• it could have been broken up by the auctioneer and sold in individual packets,
  • or it could have been retained by the family. But they don’t seem to recall this ever having happened.

No one really knows where the fourth-fifth century hoard of siliquae came from. Sir Peter, or one of his family members, must have picked them up – perhaps at a sale. It’s very unlikely to have come from Lancashire, though. Hoards of this date and composition are normally found in the southern counties of England. It is British, though – coin clipping was a particularly British phenomenon.

The family have no archives relating to the purchase of anything matching this description, making the detective work even trickier.

Rough Guide to the Rossall Hoard

If you lost that somewhere in the middle, in summary:

1. A hoard of Roman coins from 70-c.200 AD was found in the ground near Fleetwood.

2. They went into the ownership of Sir Peter Fleetwood-Hesketh at nearby Rossall Hall

3. In 1844 he went bankrupt, sold the hall, and all its contents. Including his large coin collection, of which the Rossall Hoard formed but one part.

4. The auctioneer mistakenly identified the current hoard of Roman coins from c.355-402 AD as the Rossall Hoard. With no surviving paperwork, family documents, or auction records we cannot know for definite where this hoard came from, or when the Fleetwood-Heskeths acquired it.

5. Alderman Brown of Preston bought them at the auction, having no reason not to believe they weren’t the genuine Rossall Hoard found in 1840.

6. He passed them on to his son, Dr. Charles Brown, upon his death.

7. Dr. Brown donated them to the museum in Preston (then at Cross Street) in 1883.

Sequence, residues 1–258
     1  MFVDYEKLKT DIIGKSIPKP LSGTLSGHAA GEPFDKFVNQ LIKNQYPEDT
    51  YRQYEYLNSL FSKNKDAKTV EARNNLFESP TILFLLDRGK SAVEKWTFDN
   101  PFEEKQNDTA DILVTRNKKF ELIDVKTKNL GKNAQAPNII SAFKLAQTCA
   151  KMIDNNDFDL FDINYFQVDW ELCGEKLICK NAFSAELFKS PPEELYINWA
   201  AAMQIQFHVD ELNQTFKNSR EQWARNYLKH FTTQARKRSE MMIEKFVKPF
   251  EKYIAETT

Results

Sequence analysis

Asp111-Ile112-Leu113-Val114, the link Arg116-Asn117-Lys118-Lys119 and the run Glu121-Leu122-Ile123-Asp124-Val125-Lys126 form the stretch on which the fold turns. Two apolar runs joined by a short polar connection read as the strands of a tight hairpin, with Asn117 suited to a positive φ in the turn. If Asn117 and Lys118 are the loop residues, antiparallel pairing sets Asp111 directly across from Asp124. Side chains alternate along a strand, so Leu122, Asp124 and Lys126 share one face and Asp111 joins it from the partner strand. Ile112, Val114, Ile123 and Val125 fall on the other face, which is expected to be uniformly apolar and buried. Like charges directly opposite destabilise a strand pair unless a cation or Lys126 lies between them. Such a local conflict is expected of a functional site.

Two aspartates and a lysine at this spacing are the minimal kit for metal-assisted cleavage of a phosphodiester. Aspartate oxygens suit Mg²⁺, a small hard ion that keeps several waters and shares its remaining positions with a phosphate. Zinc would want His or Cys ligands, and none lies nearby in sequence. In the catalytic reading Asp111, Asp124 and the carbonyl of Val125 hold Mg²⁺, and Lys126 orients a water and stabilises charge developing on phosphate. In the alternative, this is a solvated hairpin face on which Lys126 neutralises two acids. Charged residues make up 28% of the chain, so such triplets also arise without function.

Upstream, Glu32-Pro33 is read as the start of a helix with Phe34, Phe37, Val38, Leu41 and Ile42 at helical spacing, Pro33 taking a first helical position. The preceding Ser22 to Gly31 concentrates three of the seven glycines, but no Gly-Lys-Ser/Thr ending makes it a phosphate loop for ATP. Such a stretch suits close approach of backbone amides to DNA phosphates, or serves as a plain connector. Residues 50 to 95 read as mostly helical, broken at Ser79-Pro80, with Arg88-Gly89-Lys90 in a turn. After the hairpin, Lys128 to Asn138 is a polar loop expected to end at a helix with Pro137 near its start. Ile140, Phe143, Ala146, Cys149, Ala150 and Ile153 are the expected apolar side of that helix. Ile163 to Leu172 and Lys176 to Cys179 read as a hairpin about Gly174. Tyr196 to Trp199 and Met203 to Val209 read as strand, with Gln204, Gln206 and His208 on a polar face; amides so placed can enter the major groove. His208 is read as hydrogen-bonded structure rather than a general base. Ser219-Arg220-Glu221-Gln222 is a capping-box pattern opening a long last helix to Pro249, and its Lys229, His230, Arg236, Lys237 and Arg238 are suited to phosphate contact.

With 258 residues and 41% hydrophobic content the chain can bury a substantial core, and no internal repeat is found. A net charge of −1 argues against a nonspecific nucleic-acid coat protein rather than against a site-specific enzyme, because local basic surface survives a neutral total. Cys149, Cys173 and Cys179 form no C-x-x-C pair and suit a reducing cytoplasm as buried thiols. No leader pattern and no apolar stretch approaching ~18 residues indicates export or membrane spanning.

8. 1887 is the first recorded mention of somebody noticing that the dates of the coins didn’t match up to the original reports from 1840. So this couldn’t be the Rossall Hoard that everybody believed it to be.

Rossall Hoard Exhibition

The Rossall Hoard was on display at the Harris Museum at the end of 2014 and into 2015. The entire hoard was photographed, catalogued, and prepared for display. The then exhibition covered several of its most interesting aspects.

Rossall Hoard on Display at the Harris Museum
Rossall Hoard on Display at the Harris Museum

Coin clipping. Like most hoards of its date, Rossall has been extensively attacked by coin clippers, who took silver from the coins to produce imitations. They were coins made to look and feel exactly like the official coins the Roman state used to supply before the end of Roman control.

In this respect the Rossall coins straddle two worlds – the Roman and the post-Roman. They show how people tried to continue supplying themselves with ‘Roman style’ coins after they had ceased to be a part of the empire.

Mint mistakes and die-links. Particular mis-struck and die-linked coins shed light on the way Roman coins were produced in the later empire. They were minted in astonishing numbers. Die-linked coins were coins made using the very same mould.

Matt, their project curator, sent the photos of the display used in this article.